King: I think racing has moved more toward the computer side of it, the technology side of it, there is no doubt. They have sim programs they run that they can put changes in and run and see what is going to happen, but you’ll never get past needing the racers.

You’ve got to have a racer. A group of engineers isn’t going to be able to go to a racetrack and crew a racecar. You’ve got to have the guys that have been there their whole lives and done it all and seen it all.

Neff: On the schedule side of things, how frustrating is it to come off of Daytona with the momentum you had going and then you take three weeks off. Then you run at Martinsville and then a week off then Rockingham and Kansas and then you have another month off.

Just trying to get momentum going in the season, would you like to see them try and work the schedule so that you can run every other week for a while rather than having these big fits and starts?

King: It would be nice for me. Like I said about the rookie deal, it is nice to get into a groove where you’re going to the racetrack every weekend or every other weekend. I’ve learned more in the last two races, going to Rockingham and Kansas, than I think I’ve learned in the last two years. I was ready to go to Charlotte the next day if we could have after Kansas, I learned that much and got that comfortable in the truck.

Neff: So what are you doing during all of these off weeks besides working on the farm?

King: Just spending time down here. We’re preparing these trucks, getting ready in advance. Going over everything with a fine toothed comb. Doing some sponsor stuff, we’re fortunate enough to have Consul Energy on the truck. Just doing all of our honey-do lists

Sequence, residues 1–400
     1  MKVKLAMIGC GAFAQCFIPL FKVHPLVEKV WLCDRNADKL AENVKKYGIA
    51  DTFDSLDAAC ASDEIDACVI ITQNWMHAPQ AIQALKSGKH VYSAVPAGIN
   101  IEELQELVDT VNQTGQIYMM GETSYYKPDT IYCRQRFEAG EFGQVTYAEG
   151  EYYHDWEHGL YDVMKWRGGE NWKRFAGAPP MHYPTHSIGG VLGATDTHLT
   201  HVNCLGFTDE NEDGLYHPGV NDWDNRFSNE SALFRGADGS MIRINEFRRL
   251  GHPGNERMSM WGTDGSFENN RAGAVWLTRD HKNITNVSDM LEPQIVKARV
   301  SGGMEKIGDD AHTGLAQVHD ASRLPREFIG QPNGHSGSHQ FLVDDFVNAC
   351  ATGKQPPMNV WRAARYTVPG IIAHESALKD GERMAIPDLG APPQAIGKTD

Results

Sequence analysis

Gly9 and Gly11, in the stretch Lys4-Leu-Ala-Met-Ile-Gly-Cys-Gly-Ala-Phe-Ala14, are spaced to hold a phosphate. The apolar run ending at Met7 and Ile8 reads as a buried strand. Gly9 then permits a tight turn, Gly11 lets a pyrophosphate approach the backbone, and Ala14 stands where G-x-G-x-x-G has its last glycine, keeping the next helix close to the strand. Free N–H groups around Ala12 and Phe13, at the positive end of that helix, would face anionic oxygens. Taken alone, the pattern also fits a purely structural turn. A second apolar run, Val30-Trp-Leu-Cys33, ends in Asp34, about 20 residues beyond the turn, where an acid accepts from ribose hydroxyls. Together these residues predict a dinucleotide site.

Neff: Do they let you work on the trucks?

King: I try, I can, but they don’t let me most of the time. Something I see different here, in this organization, than I’ve seen in any other organization is these guys really take pride in their work. Anywhere else I’ve gone guys are like ‘Sure, go ahead and you can do that’. These guys want to do it because their names are tied to it.

They’re sure of what they do, they’re sure about themselves and take a lot of pride in doing it. You see these race trucks and you can tell. I’ve been on that side of it too. I worked on a truck team in 2009, I guess. I worked at a truck team out of Virginia and I took a lot of pride in it. I wasn’t driving, I was just working. They let me do some stuff, just busy work mostly.

Neff: If you weren’t driving, would you still be in racing, would you be farming; what do you think you would do with yourself if you weren’t racing?

King: I’ll always have a racecar period, whether it is a dirt car or a late model stock car. If I wasn’t truck racing I’d probably be farming. My dad is a car dealer in northeast Tennessee, so I’d probably take part in that. But I’d still have my dirt car. I have to be in it somehow.

Neff: Let’s talk Martinsville. Peters tries to run that late model deal, I know he didn’t get to last year. Are you going to try and run that race since the trucks don’t run that weekend again?

King: I’m going to try to. I’ve got my late model sitting there in the shop ready to go. I’ve got two really good Hedgecock cars. One has a crate motor in it, we’ve been running it some. I don’t know if we’re going to this year, but we’ve got a couple good race cars.

Neff: The All-American 400 is in Nashville this year. I don’t know if the trucks have that weekend off or not but would you be interested in running that race?

King: I’m not sure if I’m going to do that or not.

About the author


What is it that Mike Neff doesn’t do? The writer, radio contributor and racetrack announcer coordinates the site’s local short track coverage, hitting up Saturday Night Specials across the country while tracking the sport’s future racing stars. The writer for our signature Cup post-race column, Thinkin’ Out Loud (Mondays) also sits down with Cup crew chiefs to talk shop every Friday with Tech Talk. Mike announces several shows each year for the Good Guys Rod and Custom Association. He also pops up everywhere from PRN Pit Reporters and the Press Box with Alan Smothers to SIRIUS XM Radio. He has announced at tracks all over the Southeast, starting at Millbridge Speedway. He's also announced at East Lincoln Speedway, Concord Speedway, Tri-County Speedway, Caraway Speedway, and Charlotte Motor Speedway.